When considering that this book is counted amoung the classics i would agree with its standards. There are countless motifs and events that speak of the human nature. It is somewhat surprising to me as to the fact that Hemingway wrote this book while he was mostly drunk and it also doesnt seem like man who was hugely suicidal could claim several works of literary merit to his name. However Hemingway seems to have an in depth perception of emotion and action upon emotion. Though the novels language is simple with mostly dialogue Hemingway does this to allow the reader free thought based upon what he reads. So though it might not seem like a very complicated book there is substance to it. You only have to look deeper beyond the words on the page and connect with the author and the charcters. That in itself is an adventure. So then for my personal opinion it was enertaining but the likablness of the theme varies for readers. Even though it might not be your theme like it wasnt mine it is still worthwhile to read. Written by LV
    BeachRead245 More than 1 year ago
    A Farewell to Arms is a classic in American Literature. I first read this novel when I was a junior in high school. I loved it then… Synopsis: Lieutenant Henry has enlisted the Italian Army in World War I. The United States was not involved yet. His job during this time is drive ambulances from the battlefield to the nearest hospital. At one of those hospitals is a nurse Catherine Barkley. Lt. Henry found himself injured and in the care of Ms. Barkley. How will the war affect them? Will they be able to stay together? My Thoughts: I listened to the story this time. The narration wasn’t bad. You can tell that this novel was written from the male perspective. I loved it the first time for the romantic relationship between Catherine and Lieutenant Henry. The story is timeless and can be appreciated. I just don’t know that I would appreciate it another time around. We honor Ernest Hemingway as a means of remembering early history of the United States. He wrote mainly during the World War I era to World War II. While his life ended tragically, hopefully his work will continue to live on.
    Anonymous More than 1 year ago
    Rayleigh More than 1 year ago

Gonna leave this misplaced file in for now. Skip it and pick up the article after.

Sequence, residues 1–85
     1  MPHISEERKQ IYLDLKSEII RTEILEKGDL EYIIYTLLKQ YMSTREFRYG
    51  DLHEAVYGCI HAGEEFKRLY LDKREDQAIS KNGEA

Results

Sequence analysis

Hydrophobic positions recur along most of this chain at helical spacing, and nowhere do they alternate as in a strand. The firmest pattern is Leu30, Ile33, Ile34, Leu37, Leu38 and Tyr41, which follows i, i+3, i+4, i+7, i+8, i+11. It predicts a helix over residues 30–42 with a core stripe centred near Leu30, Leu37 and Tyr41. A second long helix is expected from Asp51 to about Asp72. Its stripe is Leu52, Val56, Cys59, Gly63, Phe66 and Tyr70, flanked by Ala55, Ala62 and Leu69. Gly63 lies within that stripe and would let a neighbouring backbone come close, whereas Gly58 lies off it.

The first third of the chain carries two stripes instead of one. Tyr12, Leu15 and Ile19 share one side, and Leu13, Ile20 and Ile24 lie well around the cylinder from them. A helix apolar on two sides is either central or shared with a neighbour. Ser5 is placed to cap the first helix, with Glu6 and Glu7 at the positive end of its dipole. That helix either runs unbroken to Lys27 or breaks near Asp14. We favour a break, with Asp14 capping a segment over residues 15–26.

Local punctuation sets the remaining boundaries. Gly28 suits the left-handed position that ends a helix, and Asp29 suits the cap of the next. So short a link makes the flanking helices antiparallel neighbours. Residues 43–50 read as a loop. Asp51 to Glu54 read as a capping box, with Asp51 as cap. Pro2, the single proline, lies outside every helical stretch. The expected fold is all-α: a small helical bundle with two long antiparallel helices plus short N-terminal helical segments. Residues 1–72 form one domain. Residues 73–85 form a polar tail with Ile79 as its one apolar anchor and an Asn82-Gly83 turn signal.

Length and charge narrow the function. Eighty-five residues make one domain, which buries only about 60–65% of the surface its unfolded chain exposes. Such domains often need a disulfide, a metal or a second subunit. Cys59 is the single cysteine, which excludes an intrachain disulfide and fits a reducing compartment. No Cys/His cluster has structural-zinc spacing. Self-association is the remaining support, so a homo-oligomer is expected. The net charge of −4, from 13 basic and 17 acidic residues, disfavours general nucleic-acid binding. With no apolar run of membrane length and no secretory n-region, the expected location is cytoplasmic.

A Farewell to Arms is a classic novel that many authors, readers, and literature-loving humans greatly enjoy, not only for the story contained in the pages, but also for Hemingway’s unique way of capturing the story. Most of Hemingway’s novels are well-known and again, most are quoted often. In this particular novel, our focus is on the Lt. and his love as they go through a brutal war in Italy. The graphics and dialogue as we read this book bring the war to life in ways that only Hemingway could do and keep us compelled to read more. As for the content, the language usage can be very vulgar at times and the romance is very sexual. There are no scenes in which the romance is shown clearly to the reader, however the conversations that the couple has can be decently descriptive. Overall, this book is one that possibly can only be enjoyed by fans of Hemingway’s style and I recommend it to be kept at an audience of Seniors in high school or college students. I give it 3 out of 5 stars.
    Anonymous More than 1 year ago
    One of my English teachers many years ago told us that Hemingway was overated :::: After trying to re read some of his novels that I enjoyed at a younger age, I realize he was right*** However I do llike some of his Nick Adams stories
    Anonymous More than 1 year ago
    Anonymous More than 1 year ago
    As an English teacher and a person who loves to read, I want to like Hemingway. I've read every single one of his short stories, The Old Man and the Sea and now 50 pages of AFTA. I've read every page of War and Peace, Les Miserables, Brothers Karamazov and a big stack of Dickens. All of these books had long boring tangents but it was worth it to get to the greater story. I never quit or skip pages but I'm quitting on this one after fifty pages. I'm sorry. Life is too short to read boring books. Aside from a few great short stories, life is too short to read Hemingway.
    Anonymous More than 1 year ago
    Anonymous More than 1 year ago
    Good read. You can ignore the last pages its all the same repetitions...but good book and edition.
    Anonymous More than 1 year ago
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    Anonymous More than 1 year ago
    This is agreat book and u cant get enogh of it.
    Anonymous More than 1 year ago
    is this the 9th edition please?